Wildlife dynamics in the changing New England landscape
Over the past four centuries the eastern US has undergone remarkable landscape and land-use transformations involving deforestation, intensive agriculture, farm abandonment, reforestation and human population increase that have induced sweeping changes in wildlife assemblages, abundances, and distributions. This study compiles data on major wildlife species and seeks to identify broad population trends and to address both fundamental and applied questions regarding these long-term patterns. Location
The study encompasses the state of Massachusetts, which is broadly representative of the habitat conditions and landscape and cultural history of other New England states. Methods
A wide range of historical sources of data were used including town histories, newspaper and other popular accounts, scientific studies, museum collections, compiled trapping, bounty and harvest records, explorer accounts, and agency records. Statewide distribution maps and generalized population trends were assembled for individual species where practical, and major trends in species trajectories were identified. Emphasis was placed on mammals and birds for which data are readily available. Results
Although species exhibited highly individualistic long-term dynamics in response to habitat change and human pressure, six major trajectories of species changes are identified: (1) large mammals and birds that declined historically and increased recently, (2) open-land species that went from low to high abundance with the creation of open habitat but are in rapid decline today in the heavily wooded landscape, (3) species regionally extirpated or globally extinct, (4) species expanding their range from the west, north and south, (5) non-native, introduced species, and (6) persistent species not exhibiting major long-term trends. Currently, wildlife populations are changing at a remarkable rate leading to significant ecological impacts on the landscape and many other species, creating major conservation and management challenges, and generating novel and oftentimes significant conflicts with human values. Conclusions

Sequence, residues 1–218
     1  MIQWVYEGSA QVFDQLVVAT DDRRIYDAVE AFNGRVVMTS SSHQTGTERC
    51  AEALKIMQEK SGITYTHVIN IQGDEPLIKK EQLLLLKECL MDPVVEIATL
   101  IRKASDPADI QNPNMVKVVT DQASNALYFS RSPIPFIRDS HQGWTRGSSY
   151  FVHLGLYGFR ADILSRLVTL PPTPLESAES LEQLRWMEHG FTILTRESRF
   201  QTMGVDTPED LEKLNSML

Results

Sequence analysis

The rate of historical and current changes in wildlife assemblages pose many scientific and conservation challenges, especially in this heavily forested but highly populated landscape. Historical data are fragmentary and oftentimes uncertain, modern information on wildlife populations is similarly incomplete, and small populations of species that are immigrating, expanding or declining from previously high levels pose major sampling problems; development of conservation and management plans for rapidly expanding populations of large woodland mammals (e.g. moose, coyote, deer, bears, beaver) and for declining populations of cherished species that are dependent on cultural landscapes generates conflicting directives; and educating, and modifying the behaviour of a human population that is living in but separated from nature is a difficult enterprise. The future is guaranteed to bring major dynamics in these historically novel species assemblages.
Document Type: Research Article
Publication date: October 1, 2002